Power producer Dynegy Inc. works to retain NYSE stock listing

Dynegy Inc. (NYSE: DYN), which has had its Dynegy Holdings operation in bankruptcy protection since last November, said April 11 that on April 5 the company was notified by the New York Stock Exchange that it was not in compliance with a NYSE continued listing standard.

That standard requires that the average closing price of a listed company’s common stock not fall below $1.00 per share for any consecutive 30-trading-day period. Under NYSE rules, Dynegy has six months from the receipt of the NYSE notice to regain compliance with the minimum share price requirement. During that period, Dynegy’s common stock will continue to be listed and traded on the NYSE, subject to the company’s compliance with other NYSE continued listing requirements. Dynegy said it will notify the NYSE of the steps it will take to cure this price deficiency within the prescribed timeframe.

Dynegy Inc.’s stock price has plunged, from around $8/share a year ago, to less than $1/share since early March.

Dynegy’s subsidiaries produce and sell electric energy, capacity and ancillary services in key U.S. markets. The Dynegy Power LLC (called GasCo) portfolio consists of about 6,771 MW of primarily natural gas-fired intermediate and peaking power generation facilities. The Dynegy Midwest Generation LLC (CoalCo) portfolio consists of about 3,132 megawatts of primarily coal-fired baseload power plants. The DNE portfolio, which includes the bankrupt Dynegy Holdings assets, consists of about 1,693 MW from two power plants, Roseton and Danskammer, which are primarily gas-fired peaking and baseload coal facilities.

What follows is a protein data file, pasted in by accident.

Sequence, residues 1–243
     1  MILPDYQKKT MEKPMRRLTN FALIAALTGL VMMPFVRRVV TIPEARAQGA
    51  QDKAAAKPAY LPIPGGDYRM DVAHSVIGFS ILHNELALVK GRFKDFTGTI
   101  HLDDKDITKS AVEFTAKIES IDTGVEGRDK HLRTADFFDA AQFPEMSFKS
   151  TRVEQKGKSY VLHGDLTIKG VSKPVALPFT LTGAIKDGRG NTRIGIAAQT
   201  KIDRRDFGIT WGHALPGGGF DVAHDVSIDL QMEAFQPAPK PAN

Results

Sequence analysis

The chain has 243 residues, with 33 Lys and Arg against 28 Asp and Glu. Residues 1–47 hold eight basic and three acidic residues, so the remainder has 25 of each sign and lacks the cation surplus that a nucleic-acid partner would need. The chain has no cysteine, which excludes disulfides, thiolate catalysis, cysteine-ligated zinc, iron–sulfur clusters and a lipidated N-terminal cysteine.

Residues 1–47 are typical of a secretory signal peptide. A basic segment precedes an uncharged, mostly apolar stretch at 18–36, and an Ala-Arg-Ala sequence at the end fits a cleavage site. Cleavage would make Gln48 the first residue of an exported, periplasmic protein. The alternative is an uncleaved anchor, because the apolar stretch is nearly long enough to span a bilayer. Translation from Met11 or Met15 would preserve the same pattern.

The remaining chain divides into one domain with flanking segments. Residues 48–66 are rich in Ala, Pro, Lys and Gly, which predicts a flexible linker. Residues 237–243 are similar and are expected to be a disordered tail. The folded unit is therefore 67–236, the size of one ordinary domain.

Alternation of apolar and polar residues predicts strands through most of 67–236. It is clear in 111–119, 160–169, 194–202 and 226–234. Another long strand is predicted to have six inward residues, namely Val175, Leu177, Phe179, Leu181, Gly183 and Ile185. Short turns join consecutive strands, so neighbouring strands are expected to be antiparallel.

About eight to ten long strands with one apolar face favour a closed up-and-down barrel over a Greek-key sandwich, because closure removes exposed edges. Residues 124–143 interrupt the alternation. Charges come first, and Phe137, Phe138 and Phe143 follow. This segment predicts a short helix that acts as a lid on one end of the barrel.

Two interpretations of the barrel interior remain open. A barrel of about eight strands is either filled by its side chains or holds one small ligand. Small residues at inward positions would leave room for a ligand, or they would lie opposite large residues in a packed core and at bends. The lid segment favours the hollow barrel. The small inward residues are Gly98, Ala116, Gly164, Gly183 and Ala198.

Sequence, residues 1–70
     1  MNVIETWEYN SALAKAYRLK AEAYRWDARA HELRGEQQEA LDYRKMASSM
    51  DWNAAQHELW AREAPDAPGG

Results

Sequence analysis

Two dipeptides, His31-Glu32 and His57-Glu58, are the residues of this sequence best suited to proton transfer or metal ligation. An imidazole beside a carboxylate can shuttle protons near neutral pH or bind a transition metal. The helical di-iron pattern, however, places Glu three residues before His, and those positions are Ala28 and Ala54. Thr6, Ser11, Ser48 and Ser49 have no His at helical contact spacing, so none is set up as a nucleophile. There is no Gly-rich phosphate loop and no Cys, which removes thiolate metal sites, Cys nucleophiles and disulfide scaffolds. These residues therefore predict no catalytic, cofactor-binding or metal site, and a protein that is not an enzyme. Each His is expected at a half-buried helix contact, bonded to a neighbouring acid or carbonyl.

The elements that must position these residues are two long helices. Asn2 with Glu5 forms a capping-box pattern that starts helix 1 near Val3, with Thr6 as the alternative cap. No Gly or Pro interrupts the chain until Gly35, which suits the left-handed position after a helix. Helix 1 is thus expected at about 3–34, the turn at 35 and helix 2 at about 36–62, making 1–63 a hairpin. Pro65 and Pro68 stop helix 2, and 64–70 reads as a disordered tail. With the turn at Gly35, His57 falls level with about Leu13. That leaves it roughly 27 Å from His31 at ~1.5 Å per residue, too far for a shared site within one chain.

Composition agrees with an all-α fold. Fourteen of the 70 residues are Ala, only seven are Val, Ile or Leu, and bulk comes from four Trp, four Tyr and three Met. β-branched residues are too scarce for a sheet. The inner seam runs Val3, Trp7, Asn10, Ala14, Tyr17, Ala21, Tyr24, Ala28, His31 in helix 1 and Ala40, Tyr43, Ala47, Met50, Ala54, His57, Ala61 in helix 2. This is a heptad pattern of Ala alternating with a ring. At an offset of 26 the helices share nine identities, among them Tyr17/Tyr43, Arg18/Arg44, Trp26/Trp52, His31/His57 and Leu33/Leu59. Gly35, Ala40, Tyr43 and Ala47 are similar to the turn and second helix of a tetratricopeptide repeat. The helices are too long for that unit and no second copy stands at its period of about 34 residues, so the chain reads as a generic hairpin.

The latest filing in the Dynegy Holdings bankruptcy case came on April 11 when Susheel Kirpalani, an examiner appointed by the court to look into the company’s finances, moved to quash a subpoena for production of documents by Claren Road Asset Management LLC. Claren Road has subpoenaed the examiner for documents used to support Kirpalani’s recent report that was critical of how Dynegy Inc. separated its assets last year, protecting most of them from the later Dynegy Holdings bankruptcy filing

“The examiner moves to quash the subpoena because responding to the requested discovery is inconsistent with the purpose of the examiner’s appointment, will compromise the integrity of the investigative process, and will violate various court orders prohibiting the examiner from disclosing the requested documents to any party except the court,” Kirpalani wrote.

Dynegy Inc. announced April 4 that it has reached an agreement in principle with creditors holding over $2.5bn of claims against Dynegy Holdings. Dynegy Inc.’s stock price didn’t sustain any price uptick after that announcement and has continued its slow erosion since then, falling to about 40 cents per share currently.

About Barry Cassell 20414 Articles
Barry Cassell is Chief Analyst for GenerationHub covering coal and emission controls issues, projects and policy. He has covered the coal and power generation industry for more than 24 years, beginning in November 2011 at GenerationHub and prior to that as editor of SNL Energy’s Coal Report. He was formerly with Coal Outlook for 15 years as the publication’s editor and contributing writer, and prior to that he was editor of Coal & Synfuels Technology and associate editor of The Energy Report. He has a bachelor’s degree from Central Michigan University.